Candidates for the PSF Board of Directors
The following people have been nominated as Directors of the Python Software Foundation for the term beginning 23 February 2007. Their self-written summaries follow.
The obvious questions are:
"Who is this guy?"
I have been a professional software developer for over twenty years using, whenever possible, Open Source tools.
In 2005 I began experimenting with a variety of dynamic languages and quickly fell on Python as the one with the most promise for large, long-lived systems. For the last year I have experimented with a number of python applications for XML and Web development, focusing on Zope/Plone most recently.
"Why is he here?"
The short answer is David Goodger extended an invitation to assist.
But of course it isn't quite that simple. I feel Python is a great technology; very well thought-out with tremendous potential. I am interested in contributing to the growth of it. Furthermore I have a good amount of free time through 2007 and I feel contributing to Python is the best use of it.
This begs a number of questions that do not seem to be appropriate for this space but I can be reached at mailto:firstname.lastname@example.org.
"What can he do for the PSF?"
As a software manager for many years, I came to learn that most of the work to support a company, even one that is tax-exempt and for the betterment of the universe, is not fun, challenging or even interesting. But it is critical.
I reviewed the Director Duties and am comfortable in whatever role assigned to me. I see my main tasks in this role as:
- Help out where needed and participate as an audience member in discussions. I will try my best to perform whatever tasks are assigned to me.
- Spread the influence of Python via advocacy and making it more visible to the software community at-large.
I have been programming in Python for six years. I currently serve as the administrator of the Python database special interest group (db-sig). I write a blog at http://halfcooked.com/blog where Python is one of the main topics of discussion. I have presented papers at the UK Python Conference in 2003 and the Open Source Developers Conference in 2005 and 2006.
I would like to serve on the board of the Python Software Foundation to give a little back to the open source community that has given me so much. I'm happy to contribute wherever I can and am comfortable that I can fulfil the duties and responsibilities of a director of the PSF. As an example of my contribution to other open source projects I developed the documentation format and web site for the PythonCard project at http://pythoncard.sourceforge.net/ as well as contributing code patches and a couple of complete sample applications.
- open source developer since 1993
- Python developer since 1998
- have led numerous open source projects in Python including Redfoot, Cleese, Leonardo and Pyjamas
- wrote first Python implementation of numerous standards: TREX (precursor to RELAX NG), Atom Publishing Protocol, Unicode Collation Algorithm
- PSF mentor for Google Summer of Code 2005 and 2006
- Chief Scientist at mValent where I introduced Python as scripting language for large-scale Java-based product (and converted numerous developers to Python in the process)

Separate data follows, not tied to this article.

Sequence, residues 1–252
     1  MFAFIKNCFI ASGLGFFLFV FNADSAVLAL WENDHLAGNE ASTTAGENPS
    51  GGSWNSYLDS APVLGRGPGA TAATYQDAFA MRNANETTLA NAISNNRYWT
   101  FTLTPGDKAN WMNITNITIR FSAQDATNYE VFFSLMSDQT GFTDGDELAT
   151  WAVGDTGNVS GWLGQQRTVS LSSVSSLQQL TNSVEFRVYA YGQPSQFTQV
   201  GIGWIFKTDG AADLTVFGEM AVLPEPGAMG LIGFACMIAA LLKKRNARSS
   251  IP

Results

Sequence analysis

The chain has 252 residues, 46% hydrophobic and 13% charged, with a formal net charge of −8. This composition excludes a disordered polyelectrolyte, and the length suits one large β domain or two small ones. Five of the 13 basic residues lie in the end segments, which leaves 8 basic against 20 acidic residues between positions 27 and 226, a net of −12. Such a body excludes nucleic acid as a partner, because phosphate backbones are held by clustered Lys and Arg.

- outside of Python have been involved in numerous committees including standards (W3C, OASIS), former member of Apache XML Project Team, UWA Graduates Association (including membership drive and fundraising)
- am Australian and would like to work to help make PSF donations tax-deductible for Australians
I am an independent trainer, consultant, and technical editor and writer, specializing in C++, Qt, and Python. I write the tools to support my everyday work in Python (and PyQt), and consider Python to be the most productive and enjoyable language I have ever used.
My contributions to the open-source world have mostly been behind-the-scenes, for example, my involvement with the Lout typesetting language, but some have been more visible, such as the Qt books I have co-written.
I think that I would be useful to the PSF and am open-minded about how I contribute.
A vote for me is a vote for the status quo :-) -- I've been doing Python since 1991, and have served on the PSF Board since its start. I'd like to continue, if only to provide historical perspective and to represent developers' views. No grand visions here, just a wish to continue steady (albeit snail-like) spare-time progress.
I have been contributing to Python for a decade now; for the last few years, I also contributed to organizing activities in the Python community:
- For some time, I actively responded to questions on python-help
- On the PSF board, I worked (with others) on setting up the contribution forms that contributors are asked to fill out
- Also on the PSF board, I lead the grants committee.
- Recently, I initiated the move of the Python source repository from SourceForge CVS to python.org subversion, I setup the buildbot infrastructure for automated testing, and contribute to the transition from the SourceForge bug trackers to roundup.
If I get re-elected to the board, I would like to concentrate on the licensing issues, in particular trying to collect contributions form from past contributors.
I have been participating in the Python community since 1994, when I picked up the language for a class project and ended up giving a short talk at the Third Python Workshop the following year. For the past two years, I've been co-chairing the PyCon organizing committee.
This year's PyCon will be my last; the conference will be taken over by a new chair. I'm still running for a PSF director's seat, but will have new focuses for 2007-2008:
- Making it easier to add content to python.org. The site redesign has been successful; the underlying software, less so, and I think this is reducing contributions and making it too difficult to add new pages.
- Working on PyPI enhancements.
- Writing Python-related documents: first white papers such as the AdvocacyWritingTasks, then Python documentation (such as how-tos or a user's guide).
- Raising Python's profile. In some circles we've become the outdated legacy language; we need to remind people that the Python community is still developing and innovating.